Very encouraging! As to small details like hinges I would probably resin cast from a scratchbuilt master anyway. Adding them then to a 3-D printed part and then re-molding would be my approach, I believe, for projects like the one that started this thread. I have built a car end master for the SAL version of the round roof boxcars like the B-7,to retrofit to the bowser cars (PRR prototypes), which produces a close enough model for me. But this is a much simpler end than the door in question. When I have time I'm going to study the photos- I seem to recall a commercial model of an end door car somewhere; MDC? that also might provide a starting point.
Scott Haycock

----- Original Message -----
From: "Rob Kirkham" <rdkirkham@live.ca>
To: STMFC@yahoogroups.com
Sent: Monday, August 13, 2012 8:48:05 AM
Subject: Re: [STMFC] Scratchbuilding a Dreadnaught end door.






yes, I was referring to the free version of Sketchup. I understand there
are useful tools in the pay version, but have managed with what I am doing.

Learning curve - well, of course, I'm still on it. For insertion of details
like door hinges into the side of a reefer, I can find Sketchup a real pain.
But for most drawing, I'd say a month of sustained drawing in spare time
will cause you to bump into enough challenges that you'll learn most of it.

Rob

--------------------------------------------------
From: "Scott H. Haycock " < shhaycock@comcast.net >
Sent: Sunday, August 12, 2012 11:16 PM
To: < STMFC@yahoogroups.com >
Subject: Re: [STMFC] Scratchbuilding a Dreadnaught end door.





[Non-text portions of this message have been removed]


Re: Scratchbuilding a Dreadnaught end door.

Robert kirkham
 

yes, I was referring to the free version of Sketchup. I understand there are useful tools in the pay version, but have managed with what I am doing.

Learning curve - well, of course, I'm still on it. For insertion of details like door hinges into the side of a reefer, I can find Sketchup a real pain. But for most drawing, I'd say a month of sustained drawing in spare time will cause you to bump into enough challenges that you'll learn most of it.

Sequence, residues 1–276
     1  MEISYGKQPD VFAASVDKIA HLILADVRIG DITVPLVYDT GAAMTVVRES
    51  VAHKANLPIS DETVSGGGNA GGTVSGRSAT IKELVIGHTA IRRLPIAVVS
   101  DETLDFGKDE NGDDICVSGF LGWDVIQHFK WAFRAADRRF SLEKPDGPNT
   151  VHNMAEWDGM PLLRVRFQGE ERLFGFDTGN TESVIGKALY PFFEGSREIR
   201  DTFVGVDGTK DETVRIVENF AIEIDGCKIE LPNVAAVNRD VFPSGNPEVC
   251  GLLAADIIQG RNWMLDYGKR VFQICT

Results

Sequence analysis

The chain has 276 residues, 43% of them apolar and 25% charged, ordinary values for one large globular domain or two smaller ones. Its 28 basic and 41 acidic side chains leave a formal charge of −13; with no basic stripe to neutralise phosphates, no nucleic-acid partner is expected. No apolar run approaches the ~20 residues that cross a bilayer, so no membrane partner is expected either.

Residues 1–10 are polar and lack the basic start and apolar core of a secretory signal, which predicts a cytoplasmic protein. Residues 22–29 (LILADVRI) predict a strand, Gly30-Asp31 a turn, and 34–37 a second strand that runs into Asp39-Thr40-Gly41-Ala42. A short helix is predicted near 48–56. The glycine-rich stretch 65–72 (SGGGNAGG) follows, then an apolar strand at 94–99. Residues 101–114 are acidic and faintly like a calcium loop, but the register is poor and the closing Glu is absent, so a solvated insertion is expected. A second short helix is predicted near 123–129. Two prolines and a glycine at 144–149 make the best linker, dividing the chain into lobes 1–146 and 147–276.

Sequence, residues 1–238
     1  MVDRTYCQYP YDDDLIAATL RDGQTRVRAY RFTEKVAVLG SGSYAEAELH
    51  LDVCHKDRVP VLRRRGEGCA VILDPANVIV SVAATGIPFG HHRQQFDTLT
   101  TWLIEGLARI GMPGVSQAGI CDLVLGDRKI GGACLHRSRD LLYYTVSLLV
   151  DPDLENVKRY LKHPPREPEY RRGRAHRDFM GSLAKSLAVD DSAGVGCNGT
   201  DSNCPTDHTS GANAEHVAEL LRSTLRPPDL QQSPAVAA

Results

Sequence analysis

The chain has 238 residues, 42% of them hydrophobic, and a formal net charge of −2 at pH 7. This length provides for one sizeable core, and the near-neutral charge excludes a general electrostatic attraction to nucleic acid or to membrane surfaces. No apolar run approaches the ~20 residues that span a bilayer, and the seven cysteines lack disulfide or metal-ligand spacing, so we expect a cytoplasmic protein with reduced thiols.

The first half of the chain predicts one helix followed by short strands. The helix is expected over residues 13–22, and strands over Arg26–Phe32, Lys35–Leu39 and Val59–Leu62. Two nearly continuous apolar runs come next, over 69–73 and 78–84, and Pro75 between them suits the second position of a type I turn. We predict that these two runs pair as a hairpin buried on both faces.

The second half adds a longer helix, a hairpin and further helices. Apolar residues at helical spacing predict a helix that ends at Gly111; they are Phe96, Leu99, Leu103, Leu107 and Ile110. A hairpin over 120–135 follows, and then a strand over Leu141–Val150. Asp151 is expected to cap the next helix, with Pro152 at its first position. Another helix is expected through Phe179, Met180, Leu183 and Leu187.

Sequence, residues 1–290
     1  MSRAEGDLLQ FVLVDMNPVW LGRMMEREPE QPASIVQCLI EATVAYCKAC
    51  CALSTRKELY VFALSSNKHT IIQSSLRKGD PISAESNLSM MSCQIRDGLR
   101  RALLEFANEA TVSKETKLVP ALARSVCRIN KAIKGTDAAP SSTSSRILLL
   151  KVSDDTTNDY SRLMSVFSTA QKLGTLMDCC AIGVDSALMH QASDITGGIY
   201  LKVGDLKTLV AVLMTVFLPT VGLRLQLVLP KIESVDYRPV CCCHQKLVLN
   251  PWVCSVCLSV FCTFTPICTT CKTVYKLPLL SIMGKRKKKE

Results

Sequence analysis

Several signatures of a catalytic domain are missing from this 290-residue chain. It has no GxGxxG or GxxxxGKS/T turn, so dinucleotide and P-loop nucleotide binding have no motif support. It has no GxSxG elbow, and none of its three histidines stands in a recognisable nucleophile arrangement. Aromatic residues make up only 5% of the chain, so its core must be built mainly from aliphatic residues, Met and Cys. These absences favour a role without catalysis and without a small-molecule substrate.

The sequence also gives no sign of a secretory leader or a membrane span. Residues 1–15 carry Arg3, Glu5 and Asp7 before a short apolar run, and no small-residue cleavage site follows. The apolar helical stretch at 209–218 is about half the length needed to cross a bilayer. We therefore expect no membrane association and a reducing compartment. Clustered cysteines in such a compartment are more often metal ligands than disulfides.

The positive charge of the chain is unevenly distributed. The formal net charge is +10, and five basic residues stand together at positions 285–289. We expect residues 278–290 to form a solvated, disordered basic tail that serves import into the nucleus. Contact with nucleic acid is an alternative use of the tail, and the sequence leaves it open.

Rob

--------------------------------------------------
From: "Scott H. Haycock " <shhaycock@comcast.net>
Sent: Sunday, August 12, 2012 11:16 PM
To: <STMFC@yahoogroups.com>
Subject: Re: [STMFC] Scratchbuilding a Dreadnaught end door.

Rob, I have Sketchup and a book and have just started learning this program for this very reason (3d printing). Are you referring to the free version? I have learned Cadrail but it took awhile. Cad is a different type of program and not suited to drawing solid objects, but it also has a steep learning curve. Could you give me some idea of how long it took you to get proficient enough to do this?
Thankyou,
Scott Haycock

----- Original Message -----
From: "Rob Kirkham" <rdkirkham@live.ca>
To: STMFC@yahoogroups.com
Sent: Sunday, August 12, 2012 11:46:51 PM
Subject: Re: [STMFC] Scratchbuilding a Dreadnaught end door.






I suggest that you draw it in Sketchup and have it 3d printed. I haven't
done such a door yet, or I'd offer a copy to you in O. But my efforts with
7/8 Murphy ends and 5/5/5 reverse Murphy ends have worked out fine. Yes
there is a learning curve to drawing a 3d part, but it can be overcome with
practice, the Sketchup for Dummies book and on line resources.

Rob Kirkham










------------------------------------

Yahoo! Groups Links




Resin casting Southern caboose

Scott H. Haycock
 

Forgive me, The page numbers I gave in the previous post were unique to my pdf reader. The correct plate numbers on the website are 150, and 151, near the back of the document.
Scott


Resin casting, Southern caboose

Scott H. Haycock
 

Hello group,
A source was brought to my attention in another group, of more information about the bay window caboose project I'm working on. It is a 1969 Sou. Rwy equipment diagram book found here: http://southernmodeler.info/SRrollingstock/SR_FRT_CAR_DGMS_1969.pdf .
On page 282, you will find diagram 31-F-91, dated Jan.5, 1954. I could use some help interpreting this diagram.